Is Public Health Ready for Complexity?

I want to thank FUSE  -- the Centre for Translational Research in Public Health -- for the opportunity to present a brief overview of the value of the complexity sciences for public health (and, in turn the value of public health for complexity science!!!) on 14 February 2019 at Newcastle University.

For those in attendance, here is a LINK TO THE PRESENTATION.  Also, more generally for readers, here are the main six points I made, which I hope others find useful in advancing the usage of the complexity sciences in public health.


Public health, presently, is at a difficult crossroads.  Its massive success in making the world a healthier place has led to a global embrace of its incredible insights; but still, the challenges currently faced have not given in so easily, as they are deeply entrenched complex problems -- or, alternatively, what are more generally referred to as wicked problems!  ~The global spread of infectious disease; an exponentially growing (or, alternatively, greying) population throughout many parts of the world; the negative impact ecological upset is having on climate and health; urbanization and the development of mega cities and metropolitan regions; the increasing costs of health and healthcare; air pollution; the opiod epidemic; and so forth.

Still, despite this increasing complexity, public health has been rather resistant to making the shift, falling back on tried-and-true ways of thinking about and modelling public health issues.  This is particularly true when it comes to the harsh realities of getting funded or published!!!!!  This needs to change!  The challenge, however, is how?

Here are, in my mind, six things that public health researchers and practitioners can do to make more efective usage of the complexity sciences and advance the usage of these ideas across the field:

Six ways to advance the study of complexity in public health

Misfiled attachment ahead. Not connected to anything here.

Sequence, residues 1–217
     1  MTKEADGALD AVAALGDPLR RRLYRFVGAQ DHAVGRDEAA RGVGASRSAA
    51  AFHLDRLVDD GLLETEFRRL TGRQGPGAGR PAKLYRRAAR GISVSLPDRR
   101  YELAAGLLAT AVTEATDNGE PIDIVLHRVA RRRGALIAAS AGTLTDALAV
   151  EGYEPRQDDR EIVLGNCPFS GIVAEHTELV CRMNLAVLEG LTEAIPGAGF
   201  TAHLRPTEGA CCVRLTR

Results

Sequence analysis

There are six key issues that public health needs to address to move forward regarding the issues of complexity:

  • 1. Public health is in a difficult position: it realizes its work is more complex, but it is struggling to embrace the tools and concepts of complexity science and computational modelling, as it means doing things differently. 
    • This is particularly problematic in terms of funding streams and publishing in journals.
    • The only way forward, then, is to get on with it and actually start funding and publishing such work.  High risk can lead to high reward! 
  • 2. Related, the best way forward is for public health to employ a mixed-methods approach, as most public health issues require more than one method, including computational modelling. 
    • This includes embracing the old and the new, particularly in terms of complex networks, machine intelligence, participatory systems mapping, qualitative comparative analysis (QCA), and agent-based modelling.
  • 3. Public health needs to adopt a critical approach to complexity, as not all methods or theories are equally useful.  In other words, the advance of complexity thinking in public health has to be more than the simple application of hard science methods. 
    • For example, while complex network analysis is powerful, it has significant limits.
  • 4. Public health also needs to develop its theoretical and conceptual understanding of public health topics as complex.   This is also true in terms of policy evaluation.
  • 5. Public health needs to recognise the important role it plays – both in terms of theory and practical experience – in the development of the complexity sciences, as most of these scholars are trained in other fields.   Practitioner expertise, combined with the latest advances in computational methods, will go a long way to improving health.  It cannot, however, just be one or the other. 
  • 6. Finally, public health needs to adopt a case-based approach to modelling its various complex topics, as health (be it an individual or population) is about cases. 
    • In turn, it needs to move away from the strict study of variables and variable-based statistics.
    •  Statistics remains very important for complexity modelling; but variables need to be attached to context and cases and their various path-dependent trajectories.
    • Related, the field needs to shift to modelling multiple case-based trajectories, rather than designing a single model. 

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